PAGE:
Confirmation is the act in which a Bishop confirms the faith of a Christian and thereby affirms that they can fully participate in the life of the worldwide church. In this service the Bishop lays hands on the one being confirmed and prays for the Holy Spirit to be poured out on them. By making public vows to a Bishop (who is a figure of the unity of the worldwide church) and that Bishop accepting my profession of faith, any church in communion with that Bishop would have to honour my profession of faith, receiving me as a fully equal participant in worship, ministry and mission.
It is variously seen as a sacrament (an outward sign of an inward grace); a rite of passage; a false ordinance; divisive; unnecessary; or unimportant depending on the church background of those asked. In fact the movement of Christians who have shaped my faith, the Baptists, explicitly reject confirmation and call it a false sacrament. The church who have called me to ministry do not have a formal relationship with any overarching organisation of church unity. Theologically, I agree that the Church is constituted of the faithful disciples of Jesus Christ and no external sign or rite can create disciples, only the illuminating and new-life-giving unction of the Holy Spirit can create a Christian.
So why am I being confirmed?
Because I want to express that I am a part of one universal (catholic) church
Bishops, whether one believes in their scriptural validity or not, are the closest thing to a figure of unity in the Christian church. Is IS possible that there could be some other office of unity (such as a Presbytery or Session or Synod) but the whole church for the whole of its life has more or less agreed that a Bishop is a successor to the Apostles and thus has a role of unifying the people of God around the Gospel of Jesus Christ, just as the fist Apostles. Whether real or symbolic, the Bishop is a figure standing for the Apostolic teaching which has the power to save both me and you (this teaching being the news that Jesus died for sinners and was raised to life). By being received and affirmed by a Bishop, I get to express my commitment to belonging to a people who are in all times and places distinct from all other peoples.
I belong to the church by faith and not by birth or background. Confirmation gives expression to this reality, which is why it is an outward sign of an inward grace. The inward grace is my desire to submit to the discipline and doctrine of the church, the outward sign of which is being prayed for by a Bishop.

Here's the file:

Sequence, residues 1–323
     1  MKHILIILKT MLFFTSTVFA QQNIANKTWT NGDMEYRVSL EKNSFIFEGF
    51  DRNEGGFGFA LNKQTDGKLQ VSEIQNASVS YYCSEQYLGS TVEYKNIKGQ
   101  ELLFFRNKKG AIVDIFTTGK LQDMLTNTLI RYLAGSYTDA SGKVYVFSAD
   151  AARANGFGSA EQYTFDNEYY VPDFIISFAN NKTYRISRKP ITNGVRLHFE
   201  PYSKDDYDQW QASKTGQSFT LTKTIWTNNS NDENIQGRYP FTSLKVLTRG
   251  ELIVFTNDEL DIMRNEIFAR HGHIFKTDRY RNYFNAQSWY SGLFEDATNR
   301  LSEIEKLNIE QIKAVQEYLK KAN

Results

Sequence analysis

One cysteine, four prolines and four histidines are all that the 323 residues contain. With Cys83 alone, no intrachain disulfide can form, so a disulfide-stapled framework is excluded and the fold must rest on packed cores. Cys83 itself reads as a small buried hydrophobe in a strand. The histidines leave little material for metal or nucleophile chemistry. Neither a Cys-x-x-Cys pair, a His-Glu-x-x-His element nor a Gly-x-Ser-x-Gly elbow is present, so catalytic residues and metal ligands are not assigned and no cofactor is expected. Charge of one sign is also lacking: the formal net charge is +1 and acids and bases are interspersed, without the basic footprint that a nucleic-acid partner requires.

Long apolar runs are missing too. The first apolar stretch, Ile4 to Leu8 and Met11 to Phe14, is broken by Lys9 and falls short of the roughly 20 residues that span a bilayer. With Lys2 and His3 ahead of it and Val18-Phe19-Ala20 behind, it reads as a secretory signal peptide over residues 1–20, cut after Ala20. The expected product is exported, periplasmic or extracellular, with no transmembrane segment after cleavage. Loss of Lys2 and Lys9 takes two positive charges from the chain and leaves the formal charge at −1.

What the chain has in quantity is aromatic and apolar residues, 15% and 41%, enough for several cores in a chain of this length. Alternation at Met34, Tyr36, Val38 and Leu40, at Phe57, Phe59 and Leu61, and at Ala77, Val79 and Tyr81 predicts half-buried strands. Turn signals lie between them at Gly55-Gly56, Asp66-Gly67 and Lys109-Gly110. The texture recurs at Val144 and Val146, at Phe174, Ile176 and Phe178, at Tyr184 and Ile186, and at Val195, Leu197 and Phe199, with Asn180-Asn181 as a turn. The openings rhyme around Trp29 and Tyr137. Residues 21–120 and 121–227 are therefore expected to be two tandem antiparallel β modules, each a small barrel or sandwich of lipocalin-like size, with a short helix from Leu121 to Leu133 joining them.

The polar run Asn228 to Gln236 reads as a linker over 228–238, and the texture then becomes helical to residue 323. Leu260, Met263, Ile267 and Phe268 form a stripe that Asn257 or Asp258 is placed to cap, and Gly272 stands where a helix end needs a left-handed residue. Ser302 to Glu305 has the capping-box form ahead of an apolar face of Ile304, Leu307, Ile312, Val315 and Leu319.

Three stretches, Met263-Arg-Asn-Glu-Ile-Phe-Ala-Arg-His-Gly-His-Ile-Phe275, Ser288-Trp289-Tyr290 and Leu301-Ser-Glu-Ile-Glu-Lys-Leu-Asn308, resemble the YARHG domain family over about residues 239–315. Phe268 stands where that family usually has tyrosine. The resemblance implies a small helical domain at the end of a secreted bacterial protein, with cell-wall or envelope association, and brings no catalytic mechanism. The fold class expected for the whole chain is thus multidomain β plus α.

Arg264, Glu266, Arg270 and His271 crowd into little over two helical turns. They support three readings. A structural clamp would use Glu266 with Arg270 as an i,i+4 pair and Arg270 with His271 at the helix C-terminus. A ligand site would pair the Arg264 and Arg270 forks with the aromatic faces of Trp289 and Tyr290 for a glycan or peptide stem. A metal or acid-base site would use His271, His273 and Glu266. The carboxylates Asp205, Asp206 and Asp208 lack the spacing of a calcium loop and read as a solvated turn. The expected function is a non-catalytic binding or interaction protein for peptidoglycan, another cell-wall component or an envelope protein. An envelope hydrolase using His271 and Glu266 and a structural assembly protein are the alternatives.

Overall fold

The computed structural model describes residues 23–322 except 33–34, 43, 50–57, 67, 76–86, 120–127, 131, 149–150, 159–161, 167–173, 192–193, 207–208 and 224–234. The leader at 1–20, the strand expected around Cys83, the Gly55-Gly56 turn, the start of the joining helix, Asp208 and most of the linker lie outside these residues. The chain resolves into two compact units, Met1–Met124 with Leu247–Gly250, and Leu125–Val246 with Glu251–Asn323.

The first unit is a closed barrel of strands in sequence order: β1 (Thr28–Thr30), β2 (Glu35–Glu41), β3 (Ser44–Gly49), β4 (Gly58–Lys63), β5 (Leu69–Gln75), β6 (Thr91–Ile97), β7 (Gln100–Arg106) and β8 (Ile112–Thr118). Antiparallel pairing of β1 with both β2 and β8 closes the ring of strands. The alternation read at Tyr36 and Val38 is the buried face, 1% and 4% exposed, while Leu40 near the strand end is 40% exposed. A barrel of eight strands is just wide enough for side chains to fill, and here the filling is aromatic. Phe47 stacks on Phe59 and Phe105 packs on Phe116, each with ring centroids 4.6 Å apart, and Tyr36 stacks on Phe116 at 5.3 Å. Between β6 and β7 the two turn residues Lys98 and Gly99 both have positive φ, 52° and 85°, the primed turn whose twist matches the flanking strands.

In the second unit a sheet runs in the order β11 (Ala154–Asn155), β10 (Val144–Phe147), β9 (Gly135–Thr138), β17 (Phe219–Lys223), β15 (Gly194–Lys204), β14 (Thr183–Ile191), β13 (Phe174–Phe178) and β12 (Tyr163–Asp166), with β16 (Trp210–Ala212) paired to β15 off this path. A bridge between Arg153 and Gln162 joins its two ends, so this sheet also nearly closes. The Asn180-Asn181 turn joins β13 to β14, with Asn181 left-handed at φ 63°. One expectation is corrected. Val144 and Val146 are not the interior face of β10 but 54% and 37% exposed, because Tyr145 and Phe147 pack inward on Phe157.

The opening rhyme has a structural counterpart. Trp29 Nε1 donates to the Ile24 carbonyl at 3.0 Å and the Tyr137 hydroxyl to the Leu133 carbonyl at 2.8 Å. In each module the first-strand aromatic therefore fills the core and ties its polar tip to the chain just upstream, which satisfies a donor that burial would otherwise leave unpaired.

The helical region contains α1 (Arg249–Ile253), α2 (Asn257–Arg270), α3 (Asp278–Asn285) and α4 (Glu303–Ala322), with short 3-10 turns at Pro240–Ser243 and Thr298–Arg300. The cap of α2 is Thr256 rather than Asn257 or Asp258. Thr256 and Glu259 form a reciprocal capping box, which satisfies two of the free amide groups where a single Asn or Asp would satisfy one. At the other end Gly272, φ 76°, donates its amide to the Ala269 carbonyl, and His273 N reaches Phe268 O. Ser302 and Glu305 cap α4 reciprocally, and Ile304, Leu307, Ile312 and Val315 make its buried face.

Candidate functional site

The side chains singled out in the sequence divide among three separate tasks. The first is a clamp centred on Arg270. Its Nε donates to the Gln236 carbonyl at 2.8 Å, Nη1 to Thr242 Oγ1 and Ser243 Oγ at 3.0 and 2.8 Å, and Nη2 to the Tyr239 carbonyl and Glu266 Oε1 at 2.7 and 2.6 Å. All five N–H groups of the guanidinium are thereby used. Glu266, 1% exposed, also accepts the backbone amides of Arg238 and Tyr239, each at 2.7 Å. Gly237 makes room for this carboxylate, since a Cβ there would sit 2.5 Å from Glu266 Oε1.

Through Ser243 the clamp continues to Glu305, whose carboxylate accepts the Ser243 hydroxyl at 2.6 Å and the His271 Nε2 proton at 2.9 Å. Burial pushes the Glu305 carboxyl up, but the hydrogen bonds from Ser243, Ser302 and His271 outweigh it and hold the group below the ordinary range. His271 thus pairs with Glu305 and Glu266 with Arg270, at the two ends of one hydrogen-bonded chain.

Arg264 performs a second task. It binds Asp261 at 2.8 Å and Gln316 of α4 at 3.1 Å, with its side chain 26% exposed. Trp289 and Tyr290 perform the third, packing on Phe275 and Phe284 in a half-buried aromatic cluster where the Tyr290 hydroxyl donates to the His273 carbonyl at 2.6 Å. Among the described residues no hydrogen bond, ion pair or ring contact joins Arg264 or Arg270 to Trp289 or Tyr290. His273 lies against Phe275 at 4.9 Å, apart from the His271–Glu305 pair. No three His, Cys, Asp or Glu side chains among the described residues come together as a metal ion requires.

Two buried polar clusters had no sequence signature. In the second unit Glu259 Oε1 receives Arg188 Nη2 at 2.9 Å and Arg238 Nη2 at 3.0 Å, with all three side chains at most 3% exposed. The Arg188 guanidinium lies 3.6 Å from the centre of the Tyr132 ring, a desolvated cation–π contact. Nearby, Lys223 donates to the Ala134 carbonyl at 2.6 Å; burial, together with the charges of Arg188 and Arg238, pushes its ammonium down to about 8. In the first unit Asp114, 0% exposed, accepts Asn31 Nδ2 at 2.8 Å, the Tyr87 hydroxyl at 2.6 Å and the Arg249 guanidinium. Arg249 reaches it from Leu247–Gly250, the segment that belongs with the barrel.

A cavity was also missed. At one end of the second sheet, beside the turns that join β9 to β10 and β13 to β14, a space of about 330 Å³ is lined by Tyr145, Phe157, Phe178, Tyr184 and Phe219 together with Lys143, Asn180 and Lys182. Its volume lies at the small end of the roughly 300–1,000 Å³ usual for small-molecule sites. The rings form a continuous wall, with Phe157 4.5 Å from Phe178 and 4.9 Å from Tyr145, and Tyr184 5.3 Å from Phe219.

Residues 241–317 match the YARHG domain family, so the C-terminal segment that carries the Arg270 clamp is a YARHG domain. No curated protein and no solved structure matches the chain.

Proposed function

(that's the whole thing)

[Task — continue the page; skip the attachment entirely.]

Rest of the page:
Because I want to have a place to call home
To submit to the discipline of a real earthly organisation called church is a scary idea. It is far more tempting to lean on my Baptism and claim that I belong to Jesus all by myself and I don’t need to really show up to public worship in the church or submit my life’s decisions to the judgement of the church. To be clear, Baptism is the sign that I have been born anew into Christ and thus belong to him eternally. Confirmation is perhaps more concerned with the earthly discipline which follows this decision.
By being confirmed I am communicating my intention to allow the people of God to speak into my life and that they can call me to account for failing to live up to the faith I have professed. In this way, I find my earthly home among the faithful people of Jesus. A place to be known, a place to grow to maturity.
Because God has something to give me
If Bishops are sacramental representatives or successors of the Apostles, then I suppose their prayers come from a unique authority reserved for those original Apostles. In the Acts of the Apostles, those called to that office go around praying for hose who have believed and the Holy Spirit is poured out (Acts 8:17, Acts 19:6). Ultimately, I am choosing to be confirmed because I believe that God has something unique to give me, as he was uniquely revealed to the people of God by the Apostle’s laying on of hands.
Please pray for me this week as I prepare, or better yet come and show your support!
Grant, Almighty God, that we, who have been redeemed from the old life of sin by our baptism into the death and resurrection of your Son Jesus Christ, may be renewed in your Holy Spirit, and live in righteousness and true holiness; through Jesus Christ our Lord, who lives and reigns with you and the Holy Spirit, one God, now and for ever. Amen.
-Collect for Confirmation, BCP 1979